This book somewhat ran into one of the problems I have with fiction that includes humour: I’m bad at being embarrassed, and get second-hand embarrassment for characters I like. There’s obviously a lot of scope for embarrassment in a book which features twin protagonists who pretend to be one another, and the muddle they get themselves into when they do this as adults in order to cover for each other. Or, really, Kit covers for his brother who is mostly absent, and really doesn’t deserve such devotion.
It’s generally charming, particularly the bond between Kit and his mother. She’s hopeless, but loveable as well, and while I’m not quite sure how anyone could put up with her from a distance, far too able to see her flaws, I’m sure that in person she would be completely charming. The romance is so-so; this is one of the books where I rather wish there’d been more attention paid to the romantic heroine (though plenty of attention is paid to Kit’s mother, which balances that). There were also some cringy lines that read unpleasantly for the modern reader, but there’s also a lot of fun — the whole relationship between Amabel and Ripple, for instance.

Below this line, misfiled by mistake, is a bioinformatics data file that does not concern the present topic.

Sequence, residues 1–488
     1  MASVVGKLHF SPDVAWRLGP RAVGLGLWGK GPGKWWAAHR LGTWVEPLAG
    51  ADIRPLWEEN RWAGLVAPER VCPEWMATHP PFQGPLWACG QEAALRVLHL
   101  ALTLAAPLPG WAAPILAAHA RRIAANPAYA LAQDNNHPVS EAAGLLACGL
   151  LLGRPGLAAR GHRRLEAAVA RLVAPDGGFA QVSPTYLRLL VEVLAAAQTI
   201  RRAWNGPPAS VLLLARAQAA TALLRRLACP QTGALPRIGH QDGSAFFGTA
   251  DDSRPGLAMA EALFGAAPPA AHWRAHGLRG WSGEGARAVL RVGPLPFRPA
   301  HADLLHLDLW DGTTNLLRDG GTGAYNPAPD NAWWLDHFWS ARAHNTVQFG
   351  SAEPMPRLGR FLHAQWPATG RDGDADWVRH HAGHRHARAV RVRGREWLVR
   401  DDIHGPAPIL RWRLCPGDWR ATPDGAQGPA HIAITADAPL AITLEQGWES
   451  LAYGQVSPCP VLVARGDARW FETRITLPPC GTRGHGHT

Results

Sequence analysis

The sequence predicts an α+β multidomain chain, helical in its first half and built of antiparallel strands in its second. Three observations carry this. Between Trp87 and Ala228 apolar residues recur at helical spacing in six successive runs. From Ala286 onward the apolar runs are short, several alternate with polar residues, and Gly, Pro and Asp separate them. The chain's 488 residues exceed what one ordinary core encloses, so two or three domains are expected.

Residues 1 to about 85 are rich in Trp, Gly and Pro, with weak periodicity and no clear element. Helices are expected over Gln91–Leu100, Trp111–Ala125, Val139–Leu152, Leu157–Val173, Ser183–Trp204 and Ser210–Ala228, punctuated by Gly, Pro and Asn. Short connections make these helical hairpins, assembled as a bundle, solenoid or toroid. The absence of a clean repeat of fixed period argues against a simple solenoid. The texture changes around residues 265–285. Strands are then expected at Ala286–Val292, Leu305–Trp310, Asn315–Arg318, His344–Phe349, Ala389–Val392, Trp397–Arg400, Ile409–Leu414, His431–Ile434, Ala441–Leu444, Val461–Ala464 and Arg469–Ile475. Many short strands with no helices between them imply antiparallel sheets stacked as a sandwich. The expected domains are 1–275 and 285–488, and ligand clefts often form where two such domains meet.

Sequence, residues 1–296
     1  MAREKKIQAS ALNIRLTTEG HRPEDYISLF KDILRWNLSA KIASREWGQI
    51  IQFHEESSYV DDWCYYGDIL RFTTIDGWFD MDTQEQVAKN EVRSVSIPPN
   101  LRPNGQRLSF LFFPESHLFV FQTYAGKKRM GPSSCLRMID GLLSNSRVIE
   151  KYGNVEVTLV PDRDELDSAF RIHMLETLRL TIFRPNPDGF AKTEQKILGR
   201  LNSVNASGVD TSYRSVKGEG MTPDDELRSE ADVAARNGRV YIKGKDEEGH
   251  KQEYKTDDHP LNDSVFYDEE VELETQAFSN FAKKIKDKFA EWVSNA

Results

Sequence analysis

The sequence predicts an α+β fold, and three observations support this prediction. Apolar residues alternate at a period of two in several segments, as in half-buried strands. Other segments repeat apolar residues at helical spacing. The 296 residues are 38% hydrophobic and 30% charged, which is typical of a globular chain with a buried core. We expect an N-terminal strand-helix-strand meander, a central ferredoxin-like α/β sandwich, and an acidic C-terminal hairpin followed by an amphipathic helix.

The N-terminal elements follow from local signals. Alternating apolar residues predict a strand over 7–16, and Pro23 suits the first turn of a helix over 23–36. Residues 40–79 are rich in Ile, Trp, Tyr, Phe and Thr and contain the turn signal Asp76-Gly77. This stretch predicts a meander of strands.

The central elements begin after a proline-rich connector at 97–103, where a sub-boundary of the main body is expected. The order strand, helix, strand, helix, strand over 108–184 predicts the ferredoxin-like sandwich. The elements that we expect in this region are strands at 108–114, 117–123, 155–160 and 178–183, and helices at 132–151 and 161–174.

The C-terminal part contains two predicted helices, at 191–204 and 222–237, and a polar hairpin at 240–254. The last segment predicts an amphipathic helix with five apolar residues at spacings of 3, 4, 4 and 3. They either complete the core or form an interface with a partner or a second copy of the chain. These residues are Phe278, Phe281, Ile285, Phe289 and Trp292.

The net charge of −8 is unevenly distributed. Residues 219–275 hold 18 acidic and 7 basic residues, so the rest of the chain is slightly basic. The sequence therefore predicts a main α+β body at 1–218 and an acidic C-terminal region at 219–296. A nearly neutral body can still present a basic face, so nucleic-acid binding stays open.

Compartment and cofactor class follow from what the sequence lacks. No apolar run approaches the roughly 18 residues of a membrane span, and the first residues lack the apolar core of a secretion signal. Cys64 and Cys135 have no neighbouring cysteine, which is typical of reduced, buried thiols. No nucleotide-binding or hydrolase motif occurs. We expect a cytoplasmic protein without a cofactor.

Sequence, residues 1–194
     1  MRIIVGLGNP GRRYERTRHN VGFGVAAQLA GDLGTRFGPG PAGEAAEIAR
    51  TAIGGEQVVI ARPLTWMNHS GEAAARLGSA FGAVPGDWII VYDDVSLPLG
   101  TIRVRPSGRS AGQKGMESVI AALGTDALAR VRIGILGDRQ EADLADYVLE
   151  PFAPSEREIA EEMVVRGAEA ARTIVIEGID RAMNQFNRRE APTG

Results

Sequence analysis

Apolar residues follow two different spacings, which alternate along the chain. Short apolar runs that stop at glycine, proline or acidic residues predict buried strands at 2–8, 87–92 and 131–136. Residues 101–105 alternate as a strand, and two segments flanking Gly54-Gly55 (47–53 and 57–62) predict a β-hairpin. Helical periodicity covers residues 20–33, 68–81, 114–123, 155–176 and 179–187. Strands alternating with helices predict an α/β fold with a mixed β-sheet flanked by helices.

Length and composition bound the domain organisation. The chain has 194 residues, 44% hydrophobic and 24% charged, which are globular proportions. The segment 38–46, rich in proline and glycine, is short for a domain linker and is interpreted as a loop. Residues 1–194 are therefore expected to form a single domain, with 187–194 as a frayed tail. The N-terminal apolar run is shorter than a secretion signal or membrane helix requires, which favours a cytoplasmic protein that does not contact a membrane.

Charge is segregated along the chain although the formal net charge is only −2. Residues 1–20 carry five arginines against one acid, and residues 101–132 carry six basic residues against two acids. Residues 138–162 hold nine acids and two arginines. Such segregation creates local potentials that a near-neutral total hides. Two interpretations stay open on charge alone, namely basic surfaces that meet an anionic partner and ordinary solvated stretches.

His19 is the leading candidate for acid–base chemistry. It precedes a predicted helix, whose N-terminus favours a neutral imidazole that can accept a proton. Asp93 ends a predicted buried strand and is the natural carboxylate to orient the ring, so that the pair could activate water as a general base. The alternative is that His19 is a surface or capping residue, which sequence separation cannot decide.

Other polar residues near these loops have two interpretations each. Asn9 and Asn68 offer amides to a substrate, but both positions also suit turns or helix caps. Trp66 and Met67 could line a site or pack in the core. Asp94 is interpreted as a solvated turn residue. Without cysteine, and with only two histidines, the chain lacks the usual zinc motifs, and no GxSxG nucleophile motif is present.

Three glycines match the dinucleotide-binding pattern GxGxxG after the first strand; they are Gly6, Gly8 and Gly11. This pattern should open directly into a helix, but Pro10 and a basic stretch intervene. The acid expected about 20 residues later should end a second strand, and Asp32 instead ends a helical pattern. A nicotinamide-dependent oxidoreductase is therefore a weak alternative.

It all works out fairly predictably and easily, but it’s fun while it lasts and I didn’t get too embarrassed on everyone’s behalves, which was a plus. It was definitely a worthy distraction from fretting over my rabbit at the time, too (in consequence of the idiot biting through a cable and electrocuting himself — he’s 100% fine now).